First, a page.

Opinion: Positive news a big result of Pocopson Home review

Source: Ryan Costello, Daily Local News, September 2, 2013

…Importantly, accompanying that decision has been a focus by the county commissioners to create extra revenue, and undertake cost savings for Pocopson Home, all while not compromising the high quality of service to its residents. To quantify the savings — in 2009, the cost of the Pocopson Home to Chester County taxpayers was $3 million. This year’s budgeted cost is reduced to $1.4 million, with this expense largely attributable to indirect costs (ie., the shared cost of other county departments, such as finance, facilities, etc., being fractionally expensed to those other county departments that use such services), and depreciation on the physical assets (ie., the actual building). Improvements that have been implemented (at a much lower overall cost) include the establishment of electronic medical records and medical supply ordering which yielded higher quality supplies at significant cost savings; the development of an in-house clinic that decreased trips out of the facility; and the creation of a secure memory unit and palliative care program providing an in-house alternative to outside hospice agencies.

Earlier this year, the county commissioners were presented with further proposed revenue enhancements and cost savings for Pocopson Home. It is estimated that, through the addition of 16 short-term rehabilitation beds, an income of $480,000 per year can be added after renovation expenses. And just last week, we approved a contract that allows a management company to oversee laundry services at Pocopson Home, and provide leadership support for housekeeping and maintenance – which will improve the quality of service and reduce our cost by $200,000 a year. …
County eyes changes, not sale, of Pocopson Home
Source: Michael P. Rellahan, Daily Local News, January 22, 2013

The administrator of Chester County’s Pocopson Home on Tuesday laid out a plan to strengthen finances at the long term care facility as county commissioners signaled that no change in ownership of the facility is being considered. R. Alan Larson told the three commissioners that establishing a short term rehabilitation in one of the facility’s nursing wings could bring in as much as $480,000 a year. Also, Larson said Pocopson could save $180,000 by laundering its linen and towels in house rather than having it done commercially. …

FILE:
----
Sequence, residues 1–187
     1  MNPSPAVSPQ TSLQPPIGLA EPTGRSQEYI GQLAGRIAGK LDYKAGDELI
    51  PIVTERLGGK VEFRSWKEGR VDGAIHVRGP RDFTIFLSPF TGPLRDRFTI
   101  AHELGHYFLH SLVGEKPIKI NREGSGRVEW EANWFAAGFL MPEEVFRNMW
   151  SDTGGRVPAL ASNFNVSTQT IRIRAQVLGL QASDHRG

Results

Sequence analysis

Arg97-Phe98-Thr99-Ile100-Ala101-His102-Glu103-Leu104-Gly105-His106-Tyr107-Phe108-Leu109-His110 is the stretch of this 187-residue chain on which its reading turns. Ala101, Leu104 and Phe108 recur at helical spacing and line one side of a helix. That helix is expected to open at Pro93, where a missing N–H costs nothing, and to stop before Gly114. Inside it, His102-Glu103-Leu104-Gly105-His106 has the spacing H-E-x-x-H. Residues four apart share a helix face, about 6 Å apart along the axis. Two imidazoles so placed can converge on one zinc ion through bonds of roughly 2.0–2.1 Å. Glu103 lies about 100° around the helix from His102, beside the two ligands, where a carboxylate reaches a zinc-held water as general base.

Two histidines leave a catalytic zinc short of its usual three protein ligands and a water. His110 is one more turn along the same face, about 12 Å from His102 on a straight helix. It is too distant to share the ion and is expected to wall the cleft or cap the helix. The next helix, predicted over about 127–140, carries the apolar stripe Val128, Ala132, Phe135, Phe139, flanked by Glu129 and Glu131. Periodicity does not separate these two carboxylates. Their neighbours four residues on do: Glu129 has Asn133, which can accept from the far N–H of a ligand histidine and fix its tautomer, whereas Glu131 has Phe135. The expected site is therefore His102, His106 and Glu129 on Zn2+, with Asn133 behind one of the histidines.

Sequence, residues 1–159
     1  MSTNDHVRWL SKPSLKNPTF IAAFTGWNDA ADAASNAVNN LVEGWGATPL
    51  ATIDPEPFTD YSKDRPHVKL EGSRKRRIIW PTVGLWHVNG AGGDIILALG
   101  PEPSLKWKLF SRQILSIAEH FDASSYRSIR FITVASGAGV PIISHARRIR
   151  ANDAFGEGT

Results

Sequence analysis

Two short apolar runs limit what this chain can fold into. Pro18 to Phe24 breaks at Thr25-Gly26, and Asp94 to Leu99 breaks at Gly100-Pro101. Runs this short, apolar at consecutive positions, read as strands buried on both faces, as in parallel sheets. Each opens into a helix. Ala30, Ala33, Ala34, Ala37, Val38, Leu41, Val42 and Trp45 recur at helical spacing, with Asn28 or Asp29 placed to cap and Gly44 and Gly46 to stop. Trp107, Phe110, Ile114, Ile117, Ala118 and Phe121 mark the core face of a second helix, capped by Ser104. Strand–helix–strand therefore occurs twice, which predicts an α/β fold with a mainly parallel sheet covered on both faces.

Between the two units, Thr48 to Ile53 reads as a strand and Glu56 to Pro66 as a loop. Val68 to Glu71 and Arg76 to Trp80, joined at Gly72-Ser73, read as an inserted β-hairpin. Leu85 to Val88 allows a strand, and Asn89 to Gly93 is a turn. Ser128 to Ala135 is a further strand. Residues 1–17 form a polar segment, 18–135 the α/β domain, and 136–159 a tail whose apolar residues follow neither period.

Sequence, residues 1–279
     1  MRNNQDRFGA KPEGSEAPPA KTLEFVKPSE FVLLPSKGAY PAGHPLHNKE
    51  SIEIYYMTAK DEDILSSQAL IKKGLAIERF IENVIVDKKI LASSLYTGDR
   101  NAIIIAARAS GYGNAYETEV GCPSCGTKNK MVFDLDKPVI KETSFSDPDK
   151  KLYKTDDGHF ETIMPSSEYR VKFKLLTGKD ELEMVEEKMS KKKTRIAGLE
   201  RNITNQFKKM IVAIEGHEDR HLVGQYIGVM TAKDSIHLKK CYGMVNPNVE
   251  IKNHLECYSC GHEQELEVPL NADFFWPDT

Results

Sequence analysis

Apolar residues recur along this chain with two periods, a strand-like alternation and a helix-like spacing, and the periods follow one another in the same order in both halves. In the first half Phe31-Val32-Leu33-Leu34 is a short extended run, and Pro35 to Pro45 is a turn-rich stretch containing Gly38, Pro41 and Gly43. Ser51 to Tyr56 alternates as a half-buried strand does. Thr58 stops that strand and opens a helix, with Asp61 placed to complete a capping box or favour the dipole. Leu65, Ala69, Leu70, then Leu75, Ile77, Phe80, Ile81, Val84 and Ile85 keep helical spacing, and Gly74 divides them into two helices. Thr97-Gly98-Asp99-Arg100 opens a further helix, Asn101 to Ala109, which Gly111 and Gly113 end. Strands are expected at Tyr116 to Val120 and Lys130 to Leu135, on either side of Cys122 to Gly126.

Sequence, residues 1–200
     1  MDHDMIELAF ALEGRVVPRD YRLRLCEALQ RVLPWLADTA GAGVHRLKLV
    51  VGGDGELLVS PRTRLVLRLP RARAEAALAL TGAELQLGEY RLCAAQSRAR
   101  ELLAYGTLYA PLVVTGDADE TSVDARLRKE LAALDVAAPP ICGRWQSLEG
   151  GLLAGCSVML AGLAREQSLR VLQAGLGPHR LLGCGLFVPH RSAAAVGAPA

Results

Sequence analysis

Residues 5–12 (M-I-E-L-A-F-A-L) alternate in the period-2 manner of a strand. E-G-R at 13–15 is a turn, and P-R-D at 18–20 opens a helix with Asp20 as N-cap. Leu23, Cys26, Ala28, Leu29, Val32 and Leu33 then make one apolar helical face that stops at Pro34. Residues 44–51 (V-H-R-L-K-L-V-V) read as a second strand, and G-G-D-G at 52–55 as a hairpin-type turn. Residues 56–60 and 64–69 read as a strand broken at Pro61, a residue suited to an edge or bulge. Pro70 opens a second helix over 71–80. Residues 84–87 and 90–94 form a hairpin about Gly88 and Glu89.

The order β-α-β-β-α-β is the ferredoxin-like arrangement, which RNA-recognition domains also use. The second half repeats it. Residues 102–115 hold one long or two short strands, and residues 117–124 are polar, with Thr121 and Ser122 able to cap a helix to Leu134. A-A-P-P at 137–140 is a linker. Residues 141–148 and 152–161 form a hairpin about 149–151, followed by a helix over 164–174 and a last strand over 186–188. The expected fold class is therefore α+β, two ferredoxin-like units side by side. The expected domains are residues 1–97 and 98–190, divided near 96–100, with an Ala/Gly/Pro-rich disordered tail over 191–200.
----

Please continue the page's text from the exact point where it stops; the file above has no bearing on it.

Care Manor Nursing and Rehab Center Settles EEOC Retaliation Lawsuit

Source: U.S. Equal Employment Opportunity Commission (EEOC), Press Release, July 29, 2013

Arkansas Nursing Home Fired Employee in Retaliation for Her Complaining About Its Hiring An Accused Sexual Harasser, Federal Agency Charged

Care Manor Nursing and Rehab Center in Mountain Home, Ark., will pay $22,500 to a former employee and furnish other relief to settle a lawsuit for retaliation filed by the U.S. Equal Employment Opportunity Commission (EEOC), the federal agency announced today.

The EEOC’s suit charged Care Manor with violating Title VII of the Civil Rights Act of 1964 when it fired an employee in retaliation for her protest over the hire of an employee who, she said, had sexually harassed her at another facility.

Dallas area senior living center cited by US Department of Labor’s OSHA for exposing workers to multiple safety violations / Williamsburg Village Healthcare Campus fined $46,000 for seven serious violations

Source: U.S. Department of Labor’s Occupational Safety and Health Administration, Region 6, News Release: 13-1695-DAL, August 19, 2013

The U.S. Department of Labor’s Occupational Safety and Health Administration has cited Williamsburg Village Healthcare Campus, a senior living center in DeSoto, Texas, for seven serious safety violations and proposed penalties totaling $46,000. A variety of safety hazards were found at the campus’ York Drive facility during a programmed inspection begun on June 6 conducted under OSHA’s national emphasis program for nursing and residential care facilities…The seven serious violations cited involve the company’s failure to assess if workplace hazards were present or likely to be present; ensure that each affected worker uses appropriate eye or face protection; ensure that energy control programs consist of appropriate procedures, training and periodic inspections; provide suitable facilities for quick drenching or flushing of the eyes and body; provide a written exposure control plan designed to eliminate or minimize exposure to hazards; train and provide workers with information on hazardous chemicals in the workplace; and ensure that a written schedule for cleaning and method of decontamination is based upon the location within the facility and type of surface to be cleaned. A serious violation occurs when there is substantial probability that death or serious physical harm could result from a hazard about which the employer knew or should have known.

Life and Death in Assisted Living: “The Emerald City”

Source: A.C. Thompson and Jonthan Jones, ProPublica and Frontline, July 29, 2013